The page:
since I will have just one network, I assume all the current bandwith, firewall and routing controls will still work, right?
Regarding internet access, I'm still confused by the tag and untag settings for the wans, is there any place to find a more detailed manual about it? so far I know that would need to "untag" or "tag" at the port configuration, right? 

------------------------------------------------------------------------------------------------------------

 

To which I got a reply:

------------------------------------------------------------------------------------------------------------

hi there, tag means when internet data outflow the router/switch, the data still obtain the VLAN tag in the data. Untag means when data outflow a router/ switch, the tag will be deleted and there has no tag on data. The PC can only deal with the data without a tag.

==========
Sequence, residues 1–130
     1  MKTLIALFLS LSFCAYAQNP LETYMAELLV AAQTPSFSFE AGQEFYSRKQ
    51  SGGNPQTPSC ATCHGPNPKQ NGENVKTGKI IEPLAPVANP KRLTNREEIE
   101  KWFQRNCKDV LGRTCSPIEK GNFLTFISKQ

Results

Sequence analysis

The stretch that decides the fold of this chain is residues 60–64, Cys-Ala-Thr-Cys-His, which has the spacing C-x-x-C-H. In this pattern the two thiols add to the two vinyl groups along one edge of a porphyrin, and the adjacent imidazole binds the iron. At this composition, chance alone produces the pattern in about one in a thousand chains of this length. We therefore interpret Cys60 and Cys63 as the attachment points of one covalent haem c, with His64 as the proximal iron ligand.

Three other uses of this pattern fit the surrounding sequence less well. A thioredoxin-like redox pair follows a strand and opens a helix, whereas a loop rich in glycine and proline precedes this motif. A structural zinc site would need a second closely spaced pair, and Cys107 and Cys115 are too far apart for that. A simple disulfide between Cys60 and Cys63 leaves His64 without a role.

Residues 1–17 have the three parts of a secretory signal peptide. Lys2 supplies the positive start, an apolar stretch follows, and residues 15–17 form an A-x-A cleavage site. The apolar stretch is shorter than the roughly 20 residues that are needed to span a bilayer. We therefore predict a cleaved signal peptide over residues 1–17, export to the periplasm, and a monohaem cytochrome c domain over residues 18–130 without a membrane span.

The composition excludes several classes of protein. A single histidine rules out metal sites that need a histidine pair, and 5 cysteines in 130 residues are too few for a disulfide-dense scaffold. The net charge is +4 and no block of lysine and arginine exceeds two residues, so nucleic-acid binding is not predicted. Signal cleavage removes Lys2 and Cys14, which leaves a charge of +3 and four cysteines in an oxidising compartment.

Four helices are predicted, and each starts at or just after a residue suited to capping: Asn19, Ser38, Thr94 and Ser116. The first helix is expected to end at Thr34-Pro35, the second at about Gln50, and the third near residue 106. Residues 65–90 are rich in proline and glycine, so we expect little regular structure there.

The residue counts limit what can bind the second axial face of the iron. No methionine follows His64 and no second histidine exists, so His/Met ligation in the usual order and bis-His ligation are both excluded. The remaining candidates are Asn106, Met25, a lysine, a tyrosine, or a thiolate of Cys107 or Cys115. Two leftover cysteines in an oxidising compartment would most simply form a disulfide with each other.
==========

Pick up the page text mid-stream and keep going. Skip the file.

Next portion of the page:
The function "control VLAN communication" of this model cannot work. The VLAN function of this router can only work as the network isolation.

 

But the "control VLAN communication" seems can work on the model ER605 and ER7206, here is the instruction for it:  https://www.tp-link.com/en/support/faq/3061/

 

You can set up the VLAN and the ACL to manage the communication. By default, if there has no ACL, all the VLANs on the router's LAN port can talk to each other .

And this needs to wait for the latest firmware version coming up in few days.

------------------------------------------------------------------------------------------------------------


 So apparently, soon the model I have better vlan control, so back to your question @Richard Burts 

 

- at this point the tplink is shown as connecting to a hub. So that is like an access port. Does the tplink have the capability to connect as a trunk port (have multiple vlans in the trunk with vlan tagging on the Ethernet frames)?

Apparently yes.